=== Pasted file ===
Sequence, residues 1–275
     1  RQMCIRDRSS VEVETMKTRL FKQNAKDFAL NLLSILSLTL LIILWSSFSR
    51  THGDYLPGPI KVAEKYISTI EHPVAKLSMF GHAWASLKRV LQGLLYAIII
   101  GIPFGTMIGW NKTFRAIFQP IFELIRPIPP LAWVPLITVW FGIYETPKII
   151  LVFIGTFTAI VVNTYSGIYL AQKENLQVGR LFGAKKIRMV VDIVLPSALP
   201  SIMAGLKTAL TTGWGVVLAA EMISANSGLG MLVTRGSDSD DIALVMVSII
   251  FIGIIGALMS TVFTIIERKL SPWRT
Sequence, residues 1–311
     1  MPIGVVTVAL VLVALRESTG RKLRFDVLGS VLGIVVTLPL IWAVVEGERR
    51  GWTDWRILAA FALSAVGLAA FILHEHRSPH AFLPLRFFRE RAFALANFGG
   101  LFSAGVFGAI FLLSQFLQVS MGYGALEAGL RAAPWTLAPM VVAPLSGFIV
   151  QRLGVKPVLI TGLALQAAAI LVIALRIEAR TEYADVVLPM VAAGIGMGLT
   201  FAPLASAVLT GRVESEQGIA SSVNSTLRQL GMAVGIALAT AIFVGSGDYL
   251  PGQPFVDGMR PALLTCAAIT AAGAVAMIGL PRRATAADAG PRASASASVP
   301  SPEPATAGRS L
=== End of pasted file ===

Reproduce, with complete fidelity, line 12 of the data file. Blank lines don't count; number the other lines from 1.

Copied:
   151  QRLGVKPVLI TGLALQAAAI LVIALRIEAR TEYADVVLPM VAAGIGMGLT